22 n number of divisional managers in the firm in a given year; tie j average number of social ties between manager j and the CEO or the other divisional managers in a given year. Table VI presents the results on the effects of social ties. The key independent variables are ΔIndustry compensation in other divisions x Social ties to CEO, which captures the impact of ties to the CEO on the peer effects in pay, and ΔIndustry compensation in other divisions x Social ties to other divisional managers, which captures the impact of ties to the other divisional managers on the peer effects in pay. We find that both types of social ties amplify the spillovers of compensation shocks across divisions. The interaction term ΔIndustry compensation in other divisions x Social ties to CEO is always positive and statistically significant at the 10% level or better in two of the three columns. The interaction term ΔIndustry compensation in other divisions x Social ties to other divisional managers is always positive and statistically significant at the 5% level in two of the three columns. The economic magnitudes are nontrivial. A one standard deviation increase in social ties across divisional managers (between divisional managers and the CEO), increases the peer effect by 14.6% (8.3%). Overall, this evidence suggests that social interactions may serve as one mechanism that transmits the peer effects in managerial pay inside conglomerates. D. Economic Spillovers across Divisions One potential explanation for the impact of industry compensation shocks in other divisions on the compensation of the divisional manager is that the divisions are economically linked inside the conglomerate. In particular, it is possible that the compensation of divisional managers that 21

23 oversee the larger, more important divisions inside the conglomerate affects the compensation of the other divisional managers because the performance of those divisions reflects or determines the overall performance of the firm. It is also possible that there are important intra-firm spillovers across divisions that affect compensation but remain uncaptured by our controls for financial performance and market valuation at the firm and division level. We test these possible explanations by interacting our measures of industry compensation shocks in other divisions with the relative size (book value of division s assets divided by the sum of book assets across all divisions of the firm), share in revenue (division s cash flow divided by the sum of cash flows across all divisions of the firm), and industry relatedness (based on trade flows between industries obtained from input-output data provided by the Bureau of Economic Analysis) 2 of the other divisions. According to the above hypotheses, the interaction terms Industry compensation in other divisions x Division attribute (Relative size, Share in revenue, and Industry relatedness) should be positive and statistically significant, implying that the compensation spillover effects are stronger when the other divisions are large, important, or operate in a related industry. Table VII reports the results from regressions that include these interaction terms. As before, the regressions control for both firm-level and division-level changes in performance and size. The empirical results in Table VII indicate that the spillover effects of compensation across divisions are not driven by division size. The regression coefficient on the interaction term Industry compensation in other divisions x Relative size is never statistically significant at conventional levels in columns (1)-(3). The results also suggest that a division s share in the firm 2 Industry relatedness is constructed using data from the 2002 IO table. Following Ahern and Harford (2014), we calculate the percentage of industry i s sales that are purchased by industry j and the percentage of industry j s inputs that are purchased by industry i. We define industries i and j as related if either percentage is greater than 1%. 22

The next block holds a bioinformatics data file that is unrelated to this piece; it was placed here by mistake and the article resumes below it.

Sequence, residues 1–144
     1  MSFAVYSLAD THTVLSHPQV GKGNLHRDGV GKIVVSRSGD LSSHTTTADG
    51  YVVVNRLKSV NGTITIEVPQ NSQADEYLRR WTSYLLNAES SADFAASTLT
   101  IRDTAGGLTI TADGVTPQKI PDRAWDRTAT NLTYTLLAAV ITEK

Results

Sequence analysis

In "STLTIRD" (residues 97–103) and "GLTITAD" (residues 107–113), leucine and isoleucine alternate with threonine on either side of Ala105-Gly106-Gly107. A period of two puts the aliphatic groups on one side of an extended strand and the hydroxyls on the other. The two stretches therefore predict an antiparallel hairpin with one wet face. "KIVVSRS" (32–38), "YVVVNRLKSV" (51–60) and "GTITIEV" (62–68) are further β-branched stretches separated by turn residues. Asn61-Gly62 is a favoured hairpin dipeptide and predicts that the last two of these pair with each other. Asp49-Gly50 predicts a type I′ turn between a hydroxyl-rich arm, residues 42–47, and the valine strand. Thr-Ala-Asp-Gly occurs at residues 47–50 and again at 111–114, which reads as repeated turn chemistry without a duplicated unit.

24 total revenue and industry relatedness across divisions do not explain the cross-effects on divisional managers compensation. The coefficients on the interaction terms Industry compensation in other divisions x Share in revenue and Industry compensation in other divisions x Industry relatedness are always insignificant at conventional levels. E. Divisional Managers Compensation, Corporate Governance, and Conglomerate Value The evidence so far indicates that the compensation of other divisional managers inside a conglomerate affects the compensation of a given divisional manager. These findings are consistent with both the fairness and the agency hypotheses. The fairness hypothesis suggests that pay equity across divisional managers increases their sense of fairness and therefore increases their job satisfaction and productivity. Under this view, pay equity should be correlated with good corporate governance and higher conglomerate value. An alternative explanation for the cross-division effects in compensation is that this is one manifestation of the agency problem between managers and shareholders. Typical characterizations of the agency conflict focus on top managers and overinvestment and perquisites. In this case, the agency conflict is further down in the organization where divisional managers exploit compensation shocks that affect other divisional managers to increase their own compensation. The industry shocks in other divisions provide the divisional managers with a credible reason, founded in compensation fairness, to argue for a compensation increase. This creates an agency conflict that is not mitigated by ex post settling up in the labor market as described by Fama (1980). Alternatively, if a conglomerate experiences an increase in free cash flow as a result of a positive shock to one of the industries in which it operates, the firm may increase executive compensation for all divisional managers, even those who had little to do with 23